Tuesday, September 30, 2014

The Importance of Character Development

by Charles Foster Kane

The best stories are, at their heart, about the characters they introduce and how they develop. This is true of films such as 12 Angry Men and even Star Wars. These movies are about people who feel real. Real people change.

Citizen Kane, widely regarded as the best motion picture of all time, is about just one character. However, the fatal flaw of this movie is that this character does not develop, except perhaps in the last minute of his life. The story here should have been about an idealistic young man whose ambitions eventually turn him into a cruel megalomaniac. This would have been a good story about a very depressingly realistic character. But this is not what happens in the film.

Kane is evil from the beginning, the film just shows us all of the bad things he did. He lived a terrible person and died a terrible person. This is not character development. He did not make any choices near the end of the movie that he would not have made at the beginning.

There is a difference between a change in scenery and actual development. Suppose a character is unhappy at the beginning of a story because he or she does not have something. At the end he or she is happy after getting that thing. This character has not necessarily developed. The world around that character is what has developed – if the character had that thing at the beginning of the story, he or she would have acted the same way. In Citizen Kane, the situation is somewhat reversed, but it’s still the scenery changing, not Kane himself.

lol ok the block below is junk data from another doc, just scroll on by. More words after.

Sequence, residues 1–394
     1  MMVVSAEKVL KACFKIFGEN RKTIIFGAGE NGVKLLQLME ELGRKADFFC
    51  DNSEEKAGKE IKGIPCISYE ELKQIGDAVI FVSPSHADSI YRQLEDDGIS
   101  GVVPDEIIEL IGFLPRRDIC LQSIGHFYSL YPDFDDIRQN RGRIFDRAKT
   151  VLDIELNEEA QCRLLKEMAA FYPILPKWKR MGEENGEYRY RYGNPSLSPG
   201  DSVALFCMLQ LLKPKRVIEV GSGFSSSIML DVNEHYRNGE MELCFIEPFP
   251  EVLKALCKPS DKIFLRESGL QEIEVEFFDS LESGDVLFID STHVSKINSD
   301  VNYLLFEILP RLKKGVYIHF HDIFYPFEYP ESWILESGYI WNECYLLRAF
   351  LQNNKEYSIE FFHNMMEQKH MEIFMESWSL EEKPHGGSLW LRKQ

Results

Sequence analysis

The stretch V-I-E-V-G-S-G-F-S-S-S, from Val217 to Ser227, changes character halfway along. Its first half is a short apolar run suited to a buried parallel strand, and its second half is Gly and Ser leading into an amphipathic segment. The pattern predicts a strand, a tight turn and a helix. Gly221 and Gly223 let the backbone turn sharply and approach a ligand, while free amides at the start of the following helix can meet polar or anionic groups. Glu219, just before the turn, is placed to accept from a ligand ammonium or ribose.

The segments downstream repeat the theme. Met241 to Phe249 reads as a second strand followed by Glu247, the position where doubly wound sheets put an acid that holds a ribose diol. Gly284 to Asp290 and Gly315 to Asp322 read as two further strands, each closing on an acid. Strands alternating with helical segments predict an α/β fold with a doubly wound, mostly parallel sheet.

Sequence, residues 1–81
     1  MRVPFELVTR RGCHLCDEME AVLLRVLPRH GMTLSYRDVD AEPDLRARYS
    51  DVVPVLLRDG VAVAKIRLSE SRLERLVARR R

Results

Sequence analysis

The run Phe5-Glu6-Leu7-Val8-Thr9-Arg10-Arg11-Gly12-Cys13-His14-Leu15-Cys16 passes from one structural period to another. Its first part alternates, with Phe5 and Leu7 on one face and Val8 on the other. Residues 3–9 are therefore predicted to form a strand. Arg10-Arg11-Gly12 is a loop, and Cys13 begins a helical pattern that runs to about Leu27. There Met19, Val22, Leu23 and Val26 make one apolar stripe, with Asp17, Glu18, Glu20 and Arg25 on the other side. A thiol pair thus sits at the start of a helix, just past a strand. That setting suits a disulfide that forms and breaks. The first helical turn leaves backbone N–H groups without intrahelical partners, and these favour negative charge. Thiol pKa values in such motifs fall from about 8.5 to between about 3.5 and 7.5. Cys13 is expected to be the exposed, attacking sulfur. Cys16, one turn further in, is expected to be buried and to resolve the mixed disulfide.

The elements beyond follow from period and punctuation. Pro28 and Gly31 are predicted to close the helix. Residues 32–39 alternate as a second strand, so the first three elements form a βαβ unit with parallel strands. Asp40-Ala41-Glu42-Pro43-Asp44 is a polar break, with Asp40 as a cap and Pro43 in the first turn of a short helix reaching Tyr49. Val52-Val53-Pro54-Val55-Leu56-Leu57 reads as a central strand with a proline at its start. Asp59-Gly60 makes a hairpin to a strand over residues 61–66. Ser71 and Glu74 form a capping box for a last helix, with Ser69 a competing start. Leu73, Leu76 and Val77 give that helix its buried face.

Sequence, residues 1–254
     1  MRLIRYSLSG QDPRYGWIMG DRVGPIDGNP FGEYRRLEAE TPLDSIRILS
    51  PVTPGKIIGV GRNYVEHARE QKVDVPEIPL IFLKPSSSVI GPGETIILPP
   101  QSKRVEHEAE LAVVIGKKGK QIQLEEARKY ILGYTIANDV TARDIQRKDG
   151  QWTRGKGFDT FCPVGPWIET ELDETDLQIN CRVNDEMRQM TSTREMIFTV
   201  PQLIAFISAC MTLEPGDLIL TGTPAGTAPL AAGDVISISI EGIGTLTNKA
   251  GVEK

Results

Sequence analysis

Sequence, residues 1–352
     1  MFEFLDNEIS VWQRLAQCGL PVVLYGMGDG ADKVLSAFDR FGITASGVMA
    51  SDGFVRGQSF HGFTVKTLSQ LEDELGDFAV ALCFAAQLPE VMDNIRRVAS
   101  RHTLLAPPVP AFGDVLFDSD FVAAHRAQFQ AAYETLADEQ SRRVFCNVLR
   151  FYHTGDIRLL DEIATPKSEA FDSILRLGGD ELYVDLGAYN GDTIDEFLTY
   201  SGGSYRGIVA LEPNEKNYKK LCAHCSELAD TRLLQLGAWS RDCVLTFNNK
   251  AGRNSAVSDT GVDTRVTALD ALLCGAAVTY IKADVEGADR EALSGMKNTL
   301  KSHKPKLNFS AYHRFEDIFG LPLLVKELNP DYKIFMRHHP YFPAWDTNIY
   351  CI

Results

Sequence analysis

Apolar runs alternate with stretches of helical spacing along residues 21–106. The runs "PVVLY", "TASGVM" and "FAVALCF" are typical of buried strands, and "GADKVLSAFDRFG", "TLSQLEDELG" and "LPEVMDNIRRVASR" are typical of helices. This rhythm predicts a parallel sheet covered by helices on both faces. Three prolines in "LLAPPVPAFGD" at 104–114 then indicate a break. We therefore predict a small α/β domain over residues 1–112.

While watching the film, I was never invested in Kane’s character because he never showed any good side to him. A character who began with some kind of kindness or integrity would have made me care about him before his downfall.

If you make a movie about a character pushing people away from him his whole life, what is there to draw the audience in?

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